8. 1. In how many ways does Hitchcock play with or visually manifest the metaphor of “criss cross” or “criss-crossing” in this introductory sequence. [For those who haven’t seen the film yet, the idea of “criss cross” is central idea in this film, a theme Hitch sets up from the opening frames of this film] Be specific. There are many ways in which Hitchcock plays with the metaphor of "criss cross" that is central in Strangers on a Train. First, you see Guy's and Bruno's shoes appear as they each disembark from a cab, and in one critical moment, those shoes touch. Another example is the interl
  9. 1. What Hitchcock "touches" do you see in this early scene from the movie? There are several Hitchcock touches in this early scene. For example, the interesting camera angles, specifically when Cary Grant is entering the room. Second, there is a lot of use of light and shadow. You also have the telling conversation between the two main characters. 2. How does Hitchcock choose to light, frame, and photograph his two stars in this scene?What are some of the contrasts that Hitchcock trying to set up between these two characters through art direction, costume, and cinematography? At f
  10. 1. What Hitchcock "touches" do you see in this opening sequence? Moreover, what do we learn about or know about the couple through the scene's visual design: the props, the set design or dressing, the decor, the camera angles, the lighting, etc? One Hitchcock touch I see here is the messiness of the room, which seems to reflect the couple accurately. Another Hitchcock touch is that we meet several characters, and dialogue between the minor characters gives us a better characterization of Mr. and Mrs. Smith. ("I'm running out of dishes!") As always, the use of music here is very well done,
  11. 1. As mentioned in the curator's note, this scene operates as a prelude to the main story. What do learn about the character of Uncle Charlie in this prelude? Be specific. In this opening scene, Uncle Charlie seems tense, worried, sly, and it's obvious that he's in some kind of trouble. This characterization stands in stark contrast to the Uncle Charlie we'll see around his sister and his sister's family. 2. In what ways does this opening remind you of watching a film noir? If it doesn't remind you of a film noir, what makes the opening here different from the opening of a noir film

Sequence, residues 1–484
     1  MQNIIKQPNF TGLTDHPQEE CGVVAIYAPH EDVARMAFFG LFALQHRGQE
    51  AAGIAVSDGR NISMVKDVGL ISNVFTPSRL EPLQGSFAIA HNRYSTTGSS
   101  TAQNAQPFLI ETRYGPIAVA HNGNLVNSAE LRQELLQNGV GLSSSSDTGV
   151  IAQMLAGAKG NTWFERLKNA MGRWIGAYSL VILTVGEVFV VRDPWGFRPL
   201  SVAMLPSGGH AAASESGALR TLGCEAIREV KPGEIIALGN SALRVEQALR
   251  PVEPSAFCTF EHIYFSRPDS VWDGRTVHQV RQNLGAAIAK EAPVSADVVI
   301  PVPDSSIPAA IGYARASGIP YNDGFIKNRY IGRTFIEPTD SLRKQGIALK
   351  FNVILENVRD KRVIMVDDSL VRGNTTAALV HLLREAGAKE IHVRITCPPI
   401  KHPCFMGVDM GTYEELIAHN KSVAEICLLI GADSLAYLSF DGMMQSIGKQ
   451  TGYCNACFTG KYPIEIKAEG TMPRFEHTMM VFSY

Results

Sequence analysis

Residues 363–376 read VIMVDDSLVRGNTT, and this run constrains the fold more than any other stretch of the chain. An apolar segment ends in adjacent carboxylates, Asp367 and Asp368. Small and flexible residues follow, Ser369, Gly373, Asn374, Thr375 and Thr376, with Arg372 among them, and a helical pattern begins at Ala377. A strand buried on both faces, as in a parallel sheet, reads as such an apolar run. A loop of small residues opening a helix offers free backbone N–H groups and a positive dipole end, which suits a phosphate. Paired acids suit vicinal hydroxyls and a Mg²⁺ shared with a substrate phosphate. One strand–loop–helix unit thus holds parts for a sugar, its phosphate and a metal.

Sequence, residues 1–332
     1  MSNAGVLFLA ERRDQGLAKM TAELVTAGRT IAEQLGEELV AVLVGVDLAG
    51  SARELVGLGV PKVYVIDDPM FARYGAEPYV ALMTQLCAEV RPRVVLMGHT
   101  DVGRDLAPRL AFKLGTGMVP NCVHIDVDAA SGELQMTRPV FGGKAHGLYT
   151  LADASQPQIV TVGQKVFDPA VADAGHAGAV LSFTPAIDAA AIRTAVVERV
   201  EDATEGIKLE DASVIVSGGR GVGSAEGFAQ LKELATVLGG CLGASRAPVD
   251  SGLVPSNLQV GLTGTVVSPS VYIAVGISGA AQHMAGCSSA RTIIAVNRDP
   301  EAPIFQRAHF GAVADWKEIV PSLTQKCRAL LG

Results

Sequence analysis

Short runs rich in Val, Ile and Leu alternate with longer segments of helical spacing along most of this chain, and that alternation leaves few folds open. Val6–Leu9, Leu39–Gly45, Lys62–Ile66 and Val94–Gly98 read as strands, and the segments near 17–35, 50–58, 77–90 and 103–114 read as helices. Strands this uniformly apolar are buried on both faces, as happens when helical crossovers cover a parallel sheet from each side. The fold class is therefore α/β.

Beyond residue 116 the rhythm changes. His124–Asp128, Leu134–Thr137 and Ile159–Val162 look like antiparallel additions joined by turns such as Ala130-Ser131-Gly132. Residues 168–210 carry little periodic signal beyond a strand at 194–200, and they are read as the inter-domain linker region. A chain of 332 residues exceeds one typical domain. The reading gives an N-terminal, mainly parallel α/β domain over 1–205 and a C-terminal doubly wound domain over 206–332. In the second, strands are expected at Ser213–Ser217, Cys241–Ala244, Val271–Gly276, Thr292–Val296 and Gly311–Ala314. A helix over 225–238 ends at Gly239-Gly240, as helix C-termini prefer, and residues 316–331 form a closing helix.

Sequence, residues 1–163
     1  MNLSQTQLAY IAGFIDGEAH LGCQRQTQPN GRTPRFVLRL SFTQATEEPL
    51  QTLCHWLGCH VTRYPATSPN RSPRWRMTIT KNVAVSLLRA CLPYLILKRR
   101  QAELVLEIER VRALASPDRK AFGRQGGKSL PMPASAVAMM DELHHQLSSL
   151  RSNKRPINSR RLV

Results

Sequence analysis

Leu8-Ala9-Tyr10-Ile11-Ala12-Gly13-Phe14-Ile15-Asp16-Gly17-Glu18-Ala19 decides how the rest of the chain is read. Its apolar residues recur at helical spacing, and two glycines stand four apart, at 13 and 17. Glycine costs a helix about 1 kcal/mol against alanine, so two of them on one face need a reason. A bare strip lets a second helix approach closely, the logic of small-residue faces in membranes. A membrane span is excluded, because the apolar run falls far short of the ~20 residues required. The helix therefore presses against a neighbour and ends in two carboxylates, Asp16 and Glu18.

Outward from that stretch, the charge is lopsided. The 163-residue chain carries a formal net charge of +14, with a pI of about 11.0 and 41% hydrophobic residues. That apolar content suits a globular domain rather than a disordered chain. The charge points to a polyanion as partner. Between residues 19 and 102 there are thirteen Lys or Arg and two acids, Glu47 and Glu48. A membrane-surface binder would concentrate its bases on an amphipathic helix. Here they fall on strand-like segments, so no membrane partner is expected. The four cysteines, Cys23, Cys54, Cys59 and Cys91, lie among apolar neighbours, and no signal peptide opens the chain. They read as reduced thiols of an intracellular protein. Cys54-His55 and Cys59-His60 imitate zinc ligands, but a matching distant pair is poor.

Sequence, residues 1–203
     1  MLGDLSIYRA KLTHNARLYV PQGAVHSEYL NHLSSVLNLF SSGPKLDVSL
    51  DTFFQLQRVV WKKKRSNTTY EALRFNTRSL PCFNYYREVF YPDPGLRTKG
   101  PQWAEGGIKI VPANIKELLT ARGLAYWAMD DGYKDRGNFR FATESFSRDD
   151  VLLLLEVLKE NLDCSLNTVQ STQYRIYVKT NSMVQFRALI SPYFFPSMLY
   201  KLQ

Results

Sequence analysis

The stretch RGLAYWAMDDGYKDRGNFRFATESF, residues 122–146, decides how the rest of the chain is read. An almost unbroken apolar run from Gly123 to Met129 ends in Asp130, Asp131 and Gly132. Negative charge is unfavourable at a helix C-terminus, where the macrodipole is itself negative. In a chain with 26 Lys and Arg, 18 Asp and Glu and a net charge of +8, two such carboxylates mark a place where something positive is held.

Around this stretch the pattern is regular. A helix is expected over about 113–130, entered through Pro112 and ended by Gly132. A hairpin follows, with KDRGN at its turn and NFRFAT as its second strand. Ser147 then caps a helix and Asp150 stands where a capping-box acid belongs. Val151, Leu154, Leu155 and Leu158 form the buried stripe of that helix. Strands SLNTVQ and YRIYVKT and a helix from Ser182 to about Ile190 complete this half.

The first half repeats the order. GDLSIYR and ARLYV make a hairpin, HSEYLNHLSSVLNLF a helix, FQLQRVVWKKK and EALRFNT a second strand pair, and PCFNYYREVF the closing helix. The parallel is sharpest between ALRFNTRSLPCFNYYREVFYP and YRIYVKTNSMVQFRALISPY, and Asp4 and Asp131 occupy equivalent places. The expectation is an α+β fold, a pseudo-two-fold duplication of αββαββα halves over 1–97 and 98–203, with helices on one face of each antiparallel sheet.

12. 1. Describe how this opening is different from the multiple opening scenes you have seen in the Daily Doses from the British silent and/or sound period? The opening of Rebecca is different from the multiple opening scenes we've looked at from the British silent and sound period films in many ways. First, this opening contains a voiceover. Second, this opening does not use humor. Additionally, this opening is not driven by interactions between several characters. 2. What are the Hitchcock "touches" in this opening that help you identify this as a film directed by Alfred Hitchcock? One
  13. 1. Using specific examples, describe how Hitchcock opens The Lady Vanishes. What tone, mood, or atmosphere is Hitchcock establishing for the audience very early on in this picture? Pay particular attention to the music. The opening of this film is definitely lighthearted, natural, and even a bit comical. The music absolutely makes the film seem lighthearted, as it sounds like a score you might even hear in a part of a Disney animated film or other movie for children. 2. Discuss the characters of Caldicott and Charters in this scene. What do the performances of Caldicott and Charters add
  14. 1. Now that you have seen multiple openings to Hitchcock's British films, how does this opening both fit a pattern you have seen previously as well as deviate from other opening scenes? Some similarities are the interesting camera angles and the use of music. The scenes also feature a spectator/performer dynamic. 2. Do you agree or disagree with Rothman's assessment that Hitchcock in this film is focused on introducing a more innocent character than in previous opening sequences of his films? I do agree that Hitchcock is focused on introducing a more innocent character. He is at a see
  15. 1. Based on these opening scene, what do you anticipate is going to be more important in this film--the characters or the plot? (It is fine to make an informed guess about the 2nd question if you haven't seen the film yet) Based on this opening scene, I think that the characters are going to be more important. You really have no idea what the plot will be, based on this clip. However, you meet several characters, and you watch them and listen to them interact with one another. 2. What do you learn about Abbott (Peter Lorre) in his brief scene? How might this introduction affect your view